Google has again been reprimanded for not spotting fake extensions impersonating popular brands in its Chrome Web Store.
The victims this time were AdBlock by AdBlock Inc (easily confused with legitimate extension AdBlock by getadblock) and uBlock by Charlie Lee (similar-sounding to uBlock.org’s uBlock or Raymond Hill’s uBlock Origin).
The impersonation was made public in a blog by rival adblocker maker, AdGuard, whose Andrey Meshkov decided to take a closer look at the fake software’s behaviour.
The short and surprising answer – they block ads – perhaps not a huge ask given that both appear to have been based on the same code as the original AdBlock.
However, according to Meshkov, 55 hours after installation, they start doing something called ‘cookie stuffing’, a common ad fraud technique.
Normally, an eCommerce website will check cookies to work out how that user arrived at their site, paying a fee to the affiliate responsible when a purchase is made.
It’s a hidden cornerstone of the internet economy which criminals subvert by ‘dropping’ floods of cookies on to a computer to make it appear the user clicked on an affiliate ad when they didn’t.
Because only a small number of users will make a purchase from a site, the fraudsters need to sneak their cookie stuffing programs on to as many computers as possible. Writes Meshkov:
These two add-ons have more than 1.6 Million ‘weekly active users’, who were stuffed with cookies of over 300 websites from Alexa Top 10,000. It is difficult to estimate the damage, but I’d say that we are talking about millions of USD monthly.
Unchecked, it’s easy to see how this sort of scam could cost large brands a lot of money which explains why a handful of people accused of this scam in the US have ended up in jail.
If cookie stuffing has been going on forever, why does it keep happening?
Remember, this affects everyone – the users who end up with possibly dangerous software on their computers, the brands paying for bogus clicks, and the legitimate extension makers who have their brands hijacked.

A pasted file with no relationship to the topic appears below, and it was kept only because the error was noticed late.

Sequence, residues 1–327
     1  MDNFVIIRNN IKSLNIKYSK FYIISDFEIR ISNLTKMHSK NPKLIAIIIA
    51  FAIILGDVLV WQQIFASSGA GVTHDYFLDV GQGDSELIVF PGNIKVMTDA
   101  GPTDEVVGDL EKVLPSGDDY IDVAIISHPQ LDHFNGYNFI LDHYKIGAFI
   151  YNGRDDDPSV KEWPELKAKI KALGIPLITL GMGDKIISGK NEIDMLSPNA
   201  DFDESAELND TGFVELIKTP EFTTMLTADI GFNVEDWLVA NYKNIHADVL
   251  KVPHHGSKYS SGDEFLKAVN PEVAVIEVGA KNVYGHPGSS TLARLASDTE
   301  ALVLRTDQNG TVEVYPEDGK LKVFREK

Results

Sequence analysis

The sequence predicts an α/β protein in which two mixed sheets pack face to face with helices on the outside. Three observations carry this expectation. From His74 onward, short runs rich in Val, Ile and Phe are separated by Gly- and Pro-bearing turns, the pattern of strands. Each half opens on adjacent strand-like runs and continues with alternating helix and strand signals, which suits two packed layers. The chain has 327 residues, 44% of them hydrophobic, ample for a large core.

It’s a problem that nobody seems to have the answer to, least of all Google, which is often caught flat-footed by fakes sitting in plain sight. Meshkov says Google ignored his reports until the story went public and the rogue extensions were finally taken down.
That brings to mind the weeks it took Google to take down a rogue version of AdBlock Plus in 2017, to pick just one example – this is certainly not a one-off.
Obviously, the buck should stop with Google on its own site but identifying legitimate software is often very difficult. For example, adblockers all tend to look the same, right down to their names, the colours and appearance of their branding.
Even the gold standard of judging an extension or app from the number of users wouldn’t have worked once the fakes themselves have been downloaded hundreds of thousands of times.
No matter how hard Google says it’s working to stop them, the most effective extension detectives are still researchers, security companies and the users themselves, acknowledged by Google when it recently expanded its Developer Data Protection Reward Program (DDPRP) and Google Play Security Reward Program (GPSRP).
As far as we can tell, these don’t reward the simple issue of calling out fakes when it’s not clear what they might be doing at a deeper level.
That’s a shame because finding malicious or fake programs is also about finding them quickly. Google should be edging towards a system that incentivises users to report suspect extensions, even if it means getting set up to handle a flood of false positives.